-- Ray Brown Jr., Boulder City, Nev.
Bent nail prevents damage to your router's guide bushing
Template guide bushings for your router can jam tightly after just a little use. If you can't unscrew yours with your fingers and you don't want to rough up the edge of the bushing with a pair of pliers, try this simple technique using a bent nail.
Drill a 1/8" hole on the edge of the bushing close enough to the center to clear the threads underneath. Then, the next time your bushing sticks, simply insert a bent finishing nail in the 1/8" hole and push the other end of the nail counterclockwise against the center shaft on the bushing. The leverage from the nail will loosen the bushing easily.
-- Henry Borger, Brooksville, Fla.
Table-rout long workpieces "crown down"
When molding long workpieces on a router table, the workpiece must be held flat against the table and fence in order for the router bit to cut a consistent, smooth profile. Even with the help of feather boards, bowed workpieces used to cause me fits because they wouldn't lie flat. Narrow stock, which nearly always has some bow in it, was always the worst.
To cut consistent profiles on bowed stock, examine these workpieces and place them with the bow down where shown top right for best results. This takes the spring out of the board that occurs with the crown of the bow up. Use feather boards, but holding the workpiece firmly against the tabletop and fence at the router bit requires much less pressure with the crown facing down.
-- from the WOOD® magazine shop
Extension table pulls extended duty
To save space, I already have my router mounted in the extension wing of my tablesaw. But when I wanted to build a downdraft sanding table, I figured out a way to get triple duty out of the extension.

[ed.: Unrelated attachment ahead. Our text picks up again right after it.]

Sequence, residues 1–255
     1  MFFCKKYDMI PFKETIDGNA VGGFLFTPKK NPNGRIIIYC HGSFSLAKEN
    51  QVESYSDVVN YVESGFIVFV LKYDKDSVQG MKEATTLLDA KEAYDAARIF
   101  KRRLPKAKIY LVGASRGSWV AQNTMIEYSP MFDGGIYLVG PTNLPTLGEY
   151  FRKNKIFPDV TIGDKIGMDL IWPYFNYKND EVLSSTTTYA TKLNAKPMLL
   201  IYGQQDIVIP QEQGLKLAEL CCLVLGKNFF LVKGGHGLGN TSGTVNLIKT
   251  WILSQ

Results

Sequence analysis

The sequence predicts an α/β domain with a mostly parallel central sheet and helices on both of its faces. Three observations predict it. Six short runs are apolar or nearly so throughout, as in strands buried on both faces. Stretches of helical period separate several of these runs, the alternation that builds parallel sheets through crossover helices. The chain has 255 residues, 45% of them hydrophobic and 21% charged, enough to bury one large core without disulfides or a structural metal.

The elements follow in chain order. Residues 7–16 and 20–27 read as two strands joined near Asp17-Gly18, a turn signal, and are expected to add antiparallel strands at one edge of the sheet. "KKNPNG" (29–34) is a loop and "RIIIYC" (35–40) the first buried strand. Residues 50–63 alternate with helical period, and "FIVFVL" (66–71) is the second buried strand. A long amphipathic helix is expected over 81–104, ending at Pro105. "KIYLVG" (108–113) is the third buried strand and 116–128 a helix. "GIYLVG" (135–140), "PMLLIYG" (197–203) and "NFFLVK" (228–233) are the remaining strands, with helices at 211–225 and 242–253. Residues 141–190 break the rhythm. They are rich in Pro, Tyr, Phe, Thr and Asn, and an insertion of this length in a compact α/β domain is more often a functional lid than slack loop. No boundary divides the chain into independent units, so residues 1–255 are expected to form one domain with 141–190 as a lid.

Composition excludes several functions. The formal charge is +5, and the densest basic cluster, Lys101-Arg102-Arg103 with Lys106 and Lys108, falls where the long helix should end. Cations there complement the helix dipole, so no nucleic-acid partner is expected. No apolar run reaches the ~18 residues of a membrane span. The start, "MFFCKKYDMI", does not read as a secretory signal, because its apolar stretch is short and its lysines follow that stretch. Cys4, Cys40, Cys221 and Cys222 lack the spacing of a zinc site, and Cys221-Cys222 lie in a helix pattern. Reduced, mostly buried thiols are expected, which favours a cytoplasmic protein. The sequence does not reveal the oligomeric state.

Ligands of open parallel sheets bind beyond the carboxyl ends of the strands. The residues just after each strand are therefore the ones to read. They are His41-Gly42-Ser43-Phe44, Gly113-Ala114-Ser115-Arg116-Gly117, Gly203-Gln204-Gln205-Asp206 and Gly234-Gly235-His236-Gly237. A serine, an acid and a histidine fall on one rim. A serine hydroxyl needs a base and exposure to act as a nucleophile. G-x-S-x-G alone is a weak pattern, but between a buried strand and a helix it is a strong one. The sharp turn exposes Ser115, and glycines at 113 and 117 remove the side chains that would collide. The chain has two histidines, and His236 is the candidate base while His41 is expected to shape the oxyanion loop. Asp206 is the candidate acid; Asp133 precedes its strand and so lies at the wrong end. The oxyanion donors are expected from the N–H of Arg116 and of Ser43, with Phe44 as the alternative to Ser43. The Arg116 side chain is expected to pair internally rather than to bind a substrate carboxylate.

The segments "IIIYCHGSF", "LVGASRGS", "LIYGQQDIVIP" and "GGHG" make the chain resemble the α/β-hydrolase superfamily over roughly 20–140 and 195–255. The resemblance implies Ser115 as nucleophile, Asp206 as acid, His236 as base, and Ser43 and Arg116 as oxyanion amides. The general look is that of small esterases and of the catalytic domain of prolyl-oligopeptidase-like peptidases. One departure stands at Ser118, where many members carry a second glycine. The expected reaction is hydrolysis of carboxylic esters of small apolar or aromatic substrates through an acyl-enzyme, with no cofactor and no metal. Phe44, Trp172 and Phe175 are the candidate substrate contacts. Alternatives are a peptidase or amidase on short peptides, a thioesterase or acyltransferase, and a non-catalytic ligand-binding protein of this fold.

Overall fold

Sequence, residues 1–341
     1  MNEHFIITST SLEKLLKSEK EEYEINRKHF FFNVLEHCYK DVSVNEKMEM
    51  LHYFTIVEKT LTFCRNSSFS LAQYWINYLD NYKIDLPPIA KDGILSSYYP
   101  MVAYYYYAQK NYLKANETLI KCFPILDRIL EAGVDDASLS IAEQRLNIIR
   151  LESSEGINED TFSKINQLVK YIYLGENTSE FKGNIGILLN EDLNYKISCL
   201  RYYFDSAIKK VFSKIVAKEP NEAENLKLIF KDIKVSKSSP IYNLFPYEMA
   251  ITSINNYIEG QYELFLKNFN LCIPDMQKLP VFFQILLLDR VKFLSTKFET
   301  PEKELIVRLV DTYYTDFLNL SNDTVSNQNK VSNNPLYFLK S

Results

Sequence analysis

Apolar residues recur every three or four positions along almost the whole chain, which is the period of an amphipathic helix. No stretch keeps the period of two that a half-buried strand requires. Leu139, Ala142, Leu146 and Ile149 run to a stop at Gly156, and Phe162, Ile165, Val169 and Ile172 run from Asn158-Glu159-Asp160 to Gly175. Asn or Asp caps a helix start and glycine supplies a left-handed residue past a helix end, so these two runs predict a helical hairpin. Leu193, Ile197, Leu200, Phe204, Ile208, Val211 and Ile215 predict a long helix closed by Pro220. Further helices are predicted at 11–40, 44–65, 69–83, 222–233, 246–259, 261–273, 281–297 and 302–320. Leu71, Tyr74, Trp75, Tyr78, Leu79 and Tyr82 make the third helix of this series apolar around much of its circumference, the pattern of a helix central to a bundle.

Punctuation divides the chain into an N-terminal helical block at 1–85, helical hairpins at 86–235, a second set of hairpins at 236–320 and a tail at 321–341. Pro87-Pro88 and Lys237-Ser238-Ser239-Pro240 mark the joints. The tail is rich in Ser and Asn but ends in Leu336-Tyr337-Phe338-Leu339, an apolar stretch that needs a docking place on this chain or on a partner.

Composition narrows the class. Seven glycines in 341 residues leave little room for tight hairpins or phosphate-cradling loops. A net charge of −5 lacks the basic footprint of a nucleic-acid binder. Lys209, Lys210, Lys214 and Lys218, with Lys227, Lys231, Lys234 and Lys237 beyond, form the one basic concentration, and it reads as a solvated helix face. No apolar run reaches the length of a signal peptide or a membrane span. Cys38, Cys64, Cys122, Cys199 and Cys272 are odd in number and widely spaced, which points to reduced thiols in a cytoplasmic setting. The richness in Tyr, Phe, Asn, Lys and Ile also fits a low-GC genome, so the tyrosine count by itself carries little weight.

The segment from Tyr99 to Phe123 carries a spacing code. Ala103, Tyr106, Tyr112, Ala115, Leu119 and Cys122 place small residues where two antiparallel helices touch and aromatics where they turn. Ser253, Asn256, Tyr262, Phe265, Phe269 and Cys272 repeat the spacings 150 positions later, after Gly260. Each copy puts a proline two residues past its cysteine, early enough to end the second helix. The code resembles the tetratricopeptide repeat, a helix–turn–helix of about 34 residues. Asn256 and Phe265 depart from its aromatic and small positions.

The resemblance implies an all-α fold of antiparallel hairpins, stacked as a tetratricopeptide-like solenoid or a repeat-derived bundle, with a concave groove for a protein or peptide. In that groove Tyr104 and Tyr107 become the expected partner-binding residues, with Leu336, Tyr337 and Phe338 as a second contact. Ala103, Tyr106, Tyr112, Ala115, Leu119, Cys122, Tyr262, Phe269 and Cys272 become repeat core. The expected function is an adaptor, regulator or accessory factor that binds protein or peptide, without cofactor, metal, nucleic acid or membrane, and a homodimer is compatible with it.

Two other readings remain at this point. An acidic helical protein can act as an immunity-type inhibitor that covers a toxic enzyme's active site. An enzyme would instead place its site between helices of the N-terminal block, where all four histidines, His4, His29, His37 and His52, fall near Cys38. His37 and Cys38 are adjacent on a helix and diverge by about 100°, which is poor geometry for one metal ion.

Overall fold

First, I cut a second acrylic insert the exact size of the one for my router. Then, I marked out and drilled a gridwork of 5/16" holes spaced 3/4" apart in the insert. Next, I built a dust box as shown at right. Finally, I glued the box to the bottom of the acrylic insert.
Now when I need to sand a project, I lift out the router, drop in the sanding insert, connect the dust-collection hose, and sand away. My shop stays cleaner, and I still have room to move around.
-- Martin Beijer, Castak, Calif.
The key to matching keyhole slots
Aligning two keyhole slots on a mirror frame or shelf used to frustrate me. If the holes weren't the same distance from the top of the frame, I found myself offsetting the wall hangers to compensate for the crooked keyholes.
To make the cuts consistent, I fashioned the jig shown at right from 3/4" stock. The movable stop allows me to bore slots as far as 8" from the top of the frame. Once the stop is set, I simply center the jig on one of the vertical frame pieces and clamp it in place. With my plunge router (with keyhole bit) in the near end of the jig, I plunge, slide my router along the jig until it contacts the far end, then back out of the cut. I then clamp the jig to the other vertical frame piece without moving the stop and repeat the process.
-- Don Thomas, Defiance, Ohio
Micro-adjust plunge depth without an on-board scale
For setting precise plunge depth on my router, I often use a gauge of the same thickness as the desired routing depth. You can use almost anything for a gauge: a piece of scrap or a drill bit that's the desired thickness or diameter.
First, lower the motor and bit until the bit just touches the benchtop. Then lock it in position. Place a gauge on top of the turret stop, lower the plunge router's stop-rod down to the gauge, and lock the rod in place. When I remove the gauge and unlock the plunge mechanism, the router is ready to plunge to the correct depth.
Need to rout just a smidgen deeper? I reset the stop rod using the same gauge and an automotive feeler gauge to fine-tune the depth.
-- A. C. Bouchard, Peabody, Mass.